CLN10 disease

Congenital, neonatal and late infantile

What is the cause?
This is a very rare form of NCL and only a small number of cases have been written about. There may be undiagnosed cases. This disease is caused by mutations in a gene called Cathepsin D also called CLN10, which lies on chromosome 11. CLN10 disease is inherited as an autosomal recessive disorder, which means that both chromosomes carry mutations in the CLN10 gene, and both parents are unaffected carriers. The gene was discovered in 2006. CLN10 normally directs production of a lysosomal enzyme called cathepsin D. If no enzyme is produced, symptoms start very early in life, or even before birth. If some enzyme is working, symptoms develop later and disease progression is slower.

How is it diagnosed?
The diagnosis is usually made by enzyme (CTSD) and genetic (CLN10) tests on blood samples. Occasionally a skin biopsy may be necessary. Granular deposits are the characteristic storage body at the electron microscope level.

How does the disease progress? Genotype/phenotype correlations CLN10 disease, congenital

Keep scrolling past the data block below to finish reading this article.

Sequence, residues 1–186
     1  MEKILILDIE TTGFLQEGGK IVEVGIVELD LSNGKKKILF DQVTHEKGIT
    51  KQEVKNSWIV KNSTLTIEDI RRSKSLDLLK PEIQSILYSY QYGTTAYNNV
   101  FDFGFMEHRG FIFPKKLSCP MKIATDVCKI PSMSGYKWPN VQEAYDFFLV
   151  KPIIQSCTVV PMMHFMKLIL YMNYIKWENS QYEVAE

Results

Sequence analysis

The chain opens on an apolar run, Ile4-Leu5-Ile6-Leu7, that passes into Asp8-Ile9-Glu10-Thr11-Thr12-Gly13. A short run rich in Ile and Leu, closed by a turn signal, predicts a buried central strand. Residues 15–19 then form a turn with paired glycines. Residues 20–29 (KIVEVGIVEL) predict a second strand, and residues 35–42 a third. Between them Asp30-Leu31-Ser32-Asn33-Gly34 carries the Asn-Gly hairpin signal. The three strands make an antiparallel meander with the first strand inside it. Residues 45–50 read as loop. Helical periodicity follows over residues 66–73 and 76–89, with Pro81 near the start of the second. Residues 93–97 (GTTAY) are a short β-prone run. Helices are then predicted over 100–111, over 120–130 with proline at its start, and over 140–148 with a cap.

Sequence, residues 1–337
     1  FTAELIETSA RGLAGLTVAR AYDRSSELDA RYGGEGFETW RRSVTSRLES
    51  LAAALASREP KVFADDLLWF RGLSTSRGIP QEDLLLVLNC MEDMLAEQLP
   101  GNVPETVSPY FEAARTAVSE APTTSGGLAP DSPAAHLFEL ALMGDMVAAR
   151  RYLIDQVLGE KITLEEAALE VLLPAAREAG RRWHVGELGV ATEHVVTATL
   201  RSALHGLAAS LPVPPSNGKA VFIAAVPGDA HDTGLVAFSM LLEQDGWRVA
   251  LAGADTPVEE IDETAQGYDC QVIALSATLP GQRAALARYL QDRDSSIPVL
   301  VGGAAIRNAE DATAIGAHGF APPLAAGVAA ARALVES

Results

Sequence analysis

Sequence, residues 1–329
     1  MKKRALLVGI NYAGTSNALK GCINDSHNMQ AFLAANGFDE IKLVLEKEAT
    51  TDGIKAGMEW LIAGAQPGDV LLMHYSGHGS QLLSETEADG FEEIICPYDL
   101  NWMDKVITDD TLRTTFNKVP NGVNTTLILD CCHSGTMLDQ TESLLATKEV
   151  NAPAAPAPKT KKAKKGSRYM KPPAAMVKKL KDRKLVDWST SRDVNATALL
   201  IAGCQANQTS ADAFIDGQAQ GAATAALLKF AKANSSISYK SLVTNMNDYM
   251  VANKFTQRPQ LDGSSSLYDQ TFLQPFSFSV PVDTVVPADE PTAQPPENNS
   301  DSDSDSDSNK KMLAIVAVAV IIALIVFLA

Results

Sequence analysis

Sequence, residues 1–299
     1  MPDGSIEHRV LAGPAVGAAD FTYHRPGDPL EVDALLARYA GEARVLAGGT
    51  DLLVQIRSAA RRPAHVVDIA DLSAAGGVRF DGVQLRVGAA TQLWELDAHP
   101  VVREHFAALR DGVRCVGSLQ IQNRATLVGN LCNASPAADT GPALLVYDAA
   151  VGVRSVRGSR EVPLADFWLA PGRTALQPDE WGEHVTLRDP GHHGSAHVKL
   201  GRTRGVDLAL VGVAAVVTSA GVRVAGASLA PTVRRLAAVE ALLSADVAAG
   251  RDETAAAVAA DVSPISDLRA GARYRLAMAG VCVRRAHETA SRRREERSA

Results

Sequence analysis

Seizures occur before birth. In the newborn period the babies have refractory seizures and apnoeas. Babies may die within the first weeks of life.

CLN10 disease, late infantile

Some children with mutations in CLN10 have a later onset of symptoms and slower disease progression, like variant late infantile NCL. Children become unsteady, develop seizures and visual impairment. Later they lose skills.

CLN10 posters from a recent BDSRA Family Conference Scientific Poster Session

Juvenile Onset Presentation of Neuronal Ceroid Lipofuscinosis Due to Mutations in CTSD – Currow, Spaeth, Sisk, & Hallinan

What Next?

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